Mobius Arch and Moon, Alabama Hills Recreation Area, Lone Pine, California

I spent a lot of time working on Mobius Arch. I think I went for sunrise and sunset on two consecutive days and then sunrise on a third day. I feel like this is a place that I need to explore more. And when I do, I'd like to hike up Mt. Whitney as well. You know, since I'll be in the neighborhood. ;-)


#14 ShelterShelterNaomi finds shelter inside a fallen Giant Sequoia Tree on the Big Trees Trail around Round Meadow in Giant Sequoia National Park, California. Shelter, Sequoia National Park, California

Naomi finds shelter inside a fallen Giant Sequoia tree on the Big Trees Trail around Round Meadow. She just walked right in. 


#13 South Fork Kings RiverSouth Fork Kings RiverA young Giant Sequoia Tree stands at the edge of the South Fork Kings River in the Sequoia National Forest, California. South Fork Kings River, Sequoia National Forest, California

The drive through the Sequoia National Forest from Sequoia National Park to Kings Canyon National Park is one of the great drives on the North American Continent. Compared to others it is short and sweet, but the views of mountain and canyon, river and sequoia are just awesome. On our drive we stopped numerous times to photograph the sites and this photograph is from one of those road side pullouts. The Kings River is flows fast and full with the spring snow melt. I was careful not to get too close to the swollen river and I chose a long exposure to help communicate the flow. The prominent tree on the opposite side of the bank is a young Giant Sequoia. Every time I view this photograph I takes back to that memorable drive. The excitement of adventure and the allure of the road. 


#12 Watchtower, ManzanarWatchtower, ManzanarWhen the internees asked, Why are there armed guards? They were told, They are here for your protection. When they asked, Why are the facing us? They were given no answer.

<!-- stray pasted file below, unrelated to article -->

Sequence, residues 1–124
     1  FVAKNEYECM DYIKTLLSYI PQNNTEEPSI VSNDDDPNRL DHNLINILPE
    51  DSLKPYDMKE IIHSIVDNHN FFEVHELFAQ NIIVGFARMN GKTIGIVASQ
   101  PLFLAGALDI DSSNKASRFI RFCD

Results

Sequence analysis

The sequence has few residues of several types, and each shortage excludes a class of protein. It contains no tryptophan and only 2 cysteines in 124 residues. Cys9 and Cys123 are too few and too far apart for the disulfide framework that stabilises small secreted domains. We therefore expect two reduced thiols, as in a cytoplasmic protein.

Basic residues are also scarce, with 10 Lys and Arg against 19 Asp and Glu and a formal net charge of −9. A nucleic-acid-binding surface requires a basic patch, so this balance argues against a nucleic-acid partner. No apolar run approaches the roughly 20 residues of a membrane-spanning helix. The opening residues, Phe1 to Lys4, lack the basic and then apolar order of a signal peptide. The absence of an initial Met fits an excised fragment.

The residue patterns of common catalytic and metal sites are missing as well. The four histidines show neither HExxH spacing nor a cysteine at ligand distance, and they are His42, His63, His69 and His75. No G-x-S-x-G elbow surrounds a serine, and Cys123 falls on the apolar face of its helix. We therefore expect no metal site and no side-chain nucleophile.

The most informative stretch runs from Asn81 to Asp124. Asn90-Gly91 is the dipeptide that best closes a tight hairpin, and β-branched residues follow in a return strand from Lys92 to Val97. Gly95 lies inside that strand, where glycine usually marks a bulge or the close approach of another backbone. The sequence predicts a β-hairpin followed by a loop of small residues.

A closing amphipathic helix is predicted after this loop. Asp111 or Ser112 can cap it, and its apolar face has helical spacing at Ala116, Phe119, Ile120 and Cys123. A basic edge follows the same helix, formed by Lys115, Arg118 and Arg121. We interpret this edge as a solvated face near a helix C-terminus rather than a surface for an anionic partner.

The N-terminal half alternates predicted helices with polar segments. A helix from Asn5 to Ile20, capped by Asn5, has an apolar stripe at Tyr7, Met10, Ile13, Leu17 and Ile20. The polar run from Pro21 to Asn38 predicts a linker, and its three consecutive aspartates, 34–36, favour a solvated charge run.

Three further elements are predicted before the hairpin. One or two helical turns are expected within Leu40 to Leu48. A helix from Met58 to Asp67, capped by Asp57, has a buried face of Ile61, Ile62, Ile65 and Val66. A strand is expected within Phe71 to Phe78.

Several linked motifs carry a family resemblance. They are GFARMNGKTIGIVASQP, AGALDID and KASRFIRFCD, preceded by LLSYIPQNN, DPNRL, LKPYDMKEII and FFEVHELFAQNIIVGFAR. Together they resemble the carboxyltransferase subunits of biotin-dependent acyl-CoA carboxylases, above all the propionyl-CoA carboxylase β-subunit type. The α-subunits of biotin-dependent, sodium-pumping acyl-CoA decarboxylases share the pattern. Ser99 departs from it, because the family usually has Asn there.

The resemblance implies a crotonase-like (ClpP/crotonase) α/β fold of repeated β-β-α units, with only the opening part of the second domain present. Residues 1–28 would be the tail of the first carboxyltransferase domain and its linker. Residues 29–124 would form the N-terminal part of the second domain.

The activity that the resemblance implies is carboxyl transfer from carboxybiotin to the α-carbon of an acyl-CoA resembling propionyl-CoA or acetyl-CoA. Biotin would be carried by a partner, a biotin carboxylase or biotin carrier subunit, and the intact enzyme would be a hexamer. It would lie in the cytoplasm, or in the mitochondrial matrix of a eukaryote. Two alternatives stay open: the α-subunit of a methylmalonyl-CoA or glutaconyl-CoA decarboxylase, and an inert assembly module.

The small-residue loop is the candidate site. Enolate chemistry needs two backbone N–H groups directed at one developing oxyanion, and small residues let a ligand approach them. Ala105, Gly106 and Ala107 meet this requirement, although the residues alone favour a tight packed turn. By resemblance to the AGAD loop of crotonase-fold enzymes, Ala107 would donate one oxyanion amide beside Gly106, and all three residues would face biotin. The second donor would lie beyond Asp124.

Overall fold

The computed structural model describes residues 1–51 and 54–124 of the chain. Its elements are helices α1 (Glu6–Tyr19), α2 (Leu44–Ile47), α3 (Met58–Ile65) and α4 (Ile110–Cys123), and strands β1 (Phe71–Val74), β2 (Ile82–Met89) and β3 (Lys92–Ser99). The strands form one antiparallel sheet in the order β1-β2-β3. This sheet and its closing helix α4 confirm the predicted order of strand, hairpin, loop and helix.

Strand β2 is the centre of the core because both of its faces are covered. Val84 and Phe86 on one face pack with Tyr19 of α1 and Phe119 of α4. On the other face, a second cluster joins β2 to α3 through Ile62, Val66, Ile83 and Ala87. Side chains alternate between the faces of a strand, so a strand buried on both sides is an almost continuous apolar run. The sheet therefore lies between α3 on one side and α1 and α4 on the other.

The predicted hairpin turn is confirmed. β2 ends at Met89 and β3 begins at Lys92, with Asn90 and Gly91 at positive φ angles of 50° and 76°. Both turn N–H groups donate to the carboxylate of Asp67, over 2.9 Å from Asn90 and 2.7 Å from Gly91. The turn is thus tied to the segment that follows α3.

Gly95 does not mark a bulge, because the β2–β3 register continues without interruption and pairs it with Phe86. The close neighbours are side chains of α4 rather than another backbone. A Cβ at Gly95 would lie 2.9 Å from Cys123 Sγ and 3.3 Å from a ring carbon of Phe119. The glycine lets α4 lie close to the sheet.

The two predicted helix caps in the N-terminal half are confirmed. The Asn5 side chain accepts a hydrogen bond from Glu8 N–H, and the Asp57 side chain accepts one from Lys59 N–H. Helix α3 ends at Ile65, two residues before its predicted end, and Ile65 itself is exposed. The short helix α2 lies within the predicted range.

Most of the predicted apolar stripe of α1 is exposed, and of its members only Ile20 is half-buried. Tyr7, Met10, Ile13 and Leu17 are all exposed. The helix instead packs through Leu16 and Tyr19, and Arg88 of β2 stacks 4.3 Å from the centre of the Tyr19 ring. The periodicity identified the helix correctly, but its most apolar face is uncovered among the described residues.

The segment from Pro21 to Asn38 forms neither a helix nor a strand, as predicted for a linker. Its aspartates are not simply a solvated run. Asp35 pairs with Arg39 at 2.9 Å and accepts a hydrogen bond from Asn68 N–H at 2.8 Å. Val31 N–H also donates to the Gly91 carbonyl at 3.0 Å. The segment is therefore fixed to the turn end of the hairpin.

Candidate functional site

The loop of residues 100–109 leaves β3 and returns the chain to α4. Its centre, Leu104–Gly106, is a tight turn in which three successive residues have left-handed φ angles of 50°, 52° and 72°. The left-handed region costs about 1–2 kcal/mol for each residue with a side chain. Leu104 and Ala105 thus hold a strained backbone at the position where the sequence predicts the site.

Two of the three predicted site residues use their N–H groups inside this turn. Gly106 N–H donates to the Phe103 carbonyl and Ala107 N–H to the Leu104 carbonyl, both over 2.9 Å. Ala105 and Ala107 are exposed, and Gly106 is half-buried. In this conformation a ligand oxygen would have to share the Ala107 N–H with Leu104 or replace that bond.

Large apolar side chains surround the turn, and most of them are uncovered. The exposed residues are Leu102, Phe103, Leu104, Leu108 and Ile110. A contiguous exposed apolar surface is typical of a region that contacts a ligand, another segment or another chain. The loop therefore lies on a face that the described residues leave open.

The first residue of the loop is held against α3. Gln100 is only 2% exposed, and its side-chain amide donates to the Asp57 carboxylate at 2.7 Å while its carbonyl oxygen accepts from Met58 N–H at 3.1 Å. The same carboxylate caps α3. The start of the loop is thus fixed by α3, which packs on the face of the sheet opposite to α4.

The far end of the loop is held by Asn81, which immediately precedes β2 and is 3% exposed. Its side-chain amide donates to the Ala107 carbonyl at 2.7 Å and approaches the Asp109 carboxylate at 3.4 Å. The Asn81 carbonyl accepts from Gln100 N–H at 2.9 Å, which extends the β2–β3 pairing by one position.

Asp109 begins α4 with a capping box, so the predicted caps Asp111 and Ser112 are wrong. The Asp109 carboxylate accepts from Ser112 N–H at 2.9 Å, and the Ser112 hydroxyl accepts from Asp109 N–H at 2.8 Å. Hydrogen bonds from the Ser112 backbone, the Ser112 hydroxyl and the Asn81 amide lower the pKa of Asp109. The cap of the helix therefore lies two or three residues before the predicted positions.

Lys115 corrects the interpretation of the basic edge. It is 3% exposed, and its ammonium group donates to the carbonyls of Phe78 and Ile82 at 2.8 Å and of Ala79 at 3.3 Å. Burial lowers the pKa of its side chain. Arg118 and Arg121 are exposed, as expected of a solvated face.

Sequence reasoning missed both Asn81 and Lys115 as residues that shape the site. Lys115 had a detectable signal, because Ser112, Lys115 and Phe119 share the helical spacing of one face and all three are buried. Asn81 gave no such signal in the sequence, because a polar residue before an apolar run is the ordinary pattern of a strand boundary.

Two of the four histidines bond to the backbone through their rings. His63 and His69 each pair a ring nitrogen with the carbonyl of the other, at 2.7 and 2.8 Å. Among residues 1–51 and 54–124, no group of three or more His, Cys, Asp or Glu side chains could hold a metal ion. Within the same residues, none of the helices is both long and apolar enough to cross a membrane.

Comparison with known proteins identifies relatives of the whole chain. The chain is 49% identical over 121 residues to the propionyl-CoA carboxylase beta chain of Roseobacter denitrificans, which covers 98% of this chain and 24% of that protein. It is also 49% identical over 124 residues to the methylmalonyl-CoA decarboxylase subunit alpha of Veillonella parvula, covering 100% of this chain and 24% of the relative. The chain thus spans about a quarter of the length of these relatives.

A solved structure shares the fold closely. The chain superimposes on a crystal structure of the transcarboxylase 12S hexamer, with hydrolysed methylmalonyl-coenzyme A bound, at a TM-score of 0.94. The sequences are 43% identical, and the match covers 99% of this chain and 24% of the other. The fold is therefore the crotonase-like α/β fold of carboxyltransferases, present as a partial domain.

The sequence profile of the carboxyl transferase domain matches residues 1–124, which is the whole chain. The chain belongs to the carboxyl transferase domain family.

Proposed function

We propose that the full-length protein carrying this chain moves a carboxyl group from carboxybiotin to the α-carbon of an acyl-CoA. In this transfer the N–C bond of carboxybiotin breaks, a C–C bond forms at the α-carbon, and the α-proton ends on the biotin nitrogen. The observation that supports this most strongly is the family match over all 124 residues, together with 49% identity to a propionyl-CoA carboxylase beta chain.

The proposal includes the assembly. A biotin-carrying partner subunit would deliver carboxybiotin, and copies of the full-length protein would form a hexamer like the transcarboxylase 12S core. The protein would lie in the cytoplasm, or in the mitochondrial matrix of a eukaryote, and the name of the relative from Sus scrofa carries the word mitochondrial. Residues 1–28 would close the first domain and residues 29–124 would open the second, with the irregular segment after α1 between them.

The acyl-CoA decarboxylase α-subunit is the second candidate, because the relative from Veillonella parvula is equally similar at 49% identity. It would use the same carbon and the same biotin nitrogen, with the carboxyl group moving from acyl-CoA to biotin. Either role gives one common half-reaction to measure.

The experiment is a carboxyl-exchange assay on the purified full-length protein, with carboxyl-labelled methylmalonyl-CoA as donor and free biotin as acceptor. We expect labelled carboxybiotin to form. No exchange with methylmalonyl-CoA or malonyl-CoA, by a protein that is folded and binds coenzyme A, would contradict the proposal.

Manzanar National Historic Site, Manzanar, California
Watchtower, Manzanar Manzanar National Historic Site, Manzanar, California

Manzanar is a heavy place. A beautiful place. But a heavy one. In front of you the eastern Sierra Nevada rise into the clouds and the White Mountains do the same at your back. While the history of the place gets blown around by the wind. "There was always the wind," said one of the Japanese-American internees about the place. Stifling heat in the summer. Bitter cold in the winter. And always the wind. Another quote that stays with me from the history was a Japanese-American internee asking why the rifles of the soldiers were pointing inward if they were for the internees "protection." 11,070 Japanese Americans were processed through Manzanar during the second World War. About two-thirds were born American citizens. So the government of the time locked up it's own people. Forced them from their homes. Destroyed their businesses and farm, careers and educations and drove them to one of 10 internment camps in the plains, deserts, swamps and mountains of California, Wyoming, Colorado, Arizona, Arkansas, Idaho, and Utah where they were forced to live from 1942 to 1945. Oh, and after they were allowed to leave in 1945 they were not allowed to return to their homes nor even home state. Yeah, Manzanar is heavy place. A beautiful place. A place that all Americans should visit.



Lower Calf Creek FallsLower Calf Creek FallsGrand Staircase Escalante National Monument, Escalante, Utah

Lower Calf Creek Falls, Lower Calf Creek Falls State Park, Grand Staircase Escalante National Monument, Utah

Wanna go on an easy hike through a wide desert canyon that ends in a waterfall so enchanting it might just be a portal to another space and time? If so, then Lower Calf Creek Falls is the hike for you.


#10 ~ #1 coming soon.